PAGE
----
I dislike that the range of reclines on the seat is limited for children over 20 lb. Many kids are 20 lb or more before their first birthday, and many caregivers would prefer them to be more reclined in their seat; however, once the child hits 20 lb, the seat must be used with little recline. The recline range is the same for the Extend, but it is different for the Slim, with kids over 20 lb being allowed the full range of reclines.
Revolve Slim: The headrest proportions are slightly different, so my twin who has barely enough head clearance in the Extend and the regular Revolve has more obvious space rear-facing in the slim:
Evenflo Revolve 360 forward-facing mode
- Child must be at least 2 years old to use this seat forward-facing
- 22–65 lb (10–29.4 kg)
- 28″–49″ (71–124 cm)
- The top of the child’s ears must be contained within the car seat headrest, the harness must be at or just above the child’s shoulders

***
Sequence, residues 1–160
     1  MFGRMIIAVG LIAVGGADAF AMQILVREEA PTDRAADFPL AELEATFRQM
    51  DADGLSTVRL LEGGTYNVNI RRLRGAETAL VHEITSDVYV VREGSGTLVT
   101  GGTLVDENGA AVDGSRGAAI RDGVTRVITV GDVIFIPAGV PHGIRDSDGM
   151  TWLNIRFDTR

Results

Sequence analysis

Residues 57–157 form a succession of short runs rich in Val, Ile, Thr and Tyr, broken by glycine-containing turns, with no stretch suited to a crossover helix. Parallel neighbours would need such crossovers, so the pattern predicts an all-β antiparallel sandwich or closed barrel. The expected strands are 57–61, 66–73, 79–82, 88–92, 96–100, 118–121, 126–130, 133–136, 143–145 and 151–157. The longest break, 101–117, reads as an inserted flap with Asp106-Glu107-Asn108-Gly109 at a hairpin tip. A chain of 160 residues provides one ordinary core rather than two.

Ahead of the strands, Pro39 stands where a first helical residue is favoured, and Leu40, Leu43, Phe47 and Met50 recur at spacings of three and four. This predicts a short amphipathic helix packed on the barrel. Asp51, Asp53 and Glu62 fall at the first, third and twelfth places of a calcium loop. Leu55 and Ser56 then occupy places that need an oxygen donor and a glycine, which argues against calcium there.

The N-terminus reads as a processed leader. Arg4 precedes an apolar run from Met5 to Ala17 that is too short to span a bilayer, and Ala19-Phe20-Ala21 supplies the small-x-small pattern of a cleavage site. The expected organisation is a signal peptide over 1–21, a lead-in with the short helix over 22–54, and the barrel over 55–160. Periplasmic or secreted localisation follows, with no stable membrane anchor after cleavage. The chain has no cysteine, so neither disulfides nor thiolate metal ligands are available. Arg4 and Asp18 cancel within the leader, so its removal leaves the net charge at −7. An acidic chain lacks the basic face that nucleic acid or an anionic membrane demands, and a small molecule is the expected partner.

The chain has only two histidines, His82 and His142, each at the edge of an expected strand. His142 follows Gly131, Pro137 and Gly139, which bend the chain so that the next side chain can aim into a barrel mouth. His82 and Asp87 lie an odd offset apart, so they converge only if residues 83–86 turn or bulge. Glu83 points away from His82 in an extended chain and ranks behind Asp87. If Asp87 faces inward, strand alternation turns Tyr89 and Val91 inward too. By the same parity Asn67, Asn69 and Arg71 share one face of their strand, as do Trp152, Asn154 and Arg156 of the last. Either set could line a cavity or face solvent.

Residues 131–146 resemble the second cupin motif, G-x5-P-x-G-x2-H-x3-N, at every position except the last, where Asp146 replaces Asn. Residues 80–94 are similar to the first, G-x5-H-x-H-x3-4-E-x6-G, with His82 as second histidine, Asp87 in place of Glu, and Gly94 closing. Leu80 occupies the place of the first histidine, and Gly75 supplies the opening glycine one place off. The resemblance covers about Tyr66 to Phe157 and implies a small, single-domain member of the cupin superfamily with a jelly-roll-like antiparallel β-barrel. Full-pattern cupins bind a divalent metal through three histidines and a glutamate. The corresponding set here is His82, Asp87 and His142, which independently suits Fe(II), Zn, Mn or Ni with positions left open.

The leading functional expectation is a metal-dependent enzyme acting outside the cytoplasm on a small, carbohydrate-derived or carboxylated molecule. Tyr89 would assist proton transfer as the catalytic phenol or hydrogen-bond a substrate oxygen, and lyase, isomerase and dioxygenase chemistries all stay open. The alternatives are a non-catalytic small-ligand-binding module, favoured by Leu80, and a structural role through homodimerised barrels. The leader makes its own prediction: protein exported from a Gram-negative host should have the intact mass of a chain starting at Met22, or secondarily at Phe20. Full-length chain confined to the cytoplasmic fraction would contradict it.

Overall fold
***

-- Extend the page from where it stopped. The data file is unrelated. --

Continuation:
My daughter is also quite comfortable in the Revolve in forward-facing mode. However, the seat is narrow, and I definitely expect broader or stockier children to find themselves cramped, especially at the shoulders. For larger children, I also think the crotch buckle positioning is not generous enough. A child with a bigger bum would find themselves sitting on the buckle even it its most outward position.
From an installation standpoint, it’s important to note that this seat may not work forward-facing if your vehicle’s headrests cannot be removed and they are quite sloped. Definitely try this before buying if this is the case!
Revolve Extend: Same child fit and vehicle fit!
Revolve Slim: The slim has a nice tall harness as well: my daughter, at 49″ tall (one inch ABOVE the height max) still fit for harness height.
Evenflo Revolve 360 booster mode
Note that the Slim does not have a booster mode.
- Child must be at least 4 years old (best practice stipulates that a child be at least 5 before using a booster)
- 40–120 lb (18–54.4 kg)
- 44″–57″ (112-145 cm)
- Tops of the child’s ears must be at or below the top of the headrest
I honestly do not expect most families to want to use the Revolve in booster mode. By booster age, the rotation feature will probably not be useful for a lot of children as they will be climbing into the seat by themselves. (If mobility issues are at play, however, the rotation could be a continued benefit.) In booster mode the seat is bulky and tall, and it’s impossible for the child to buckle themselves.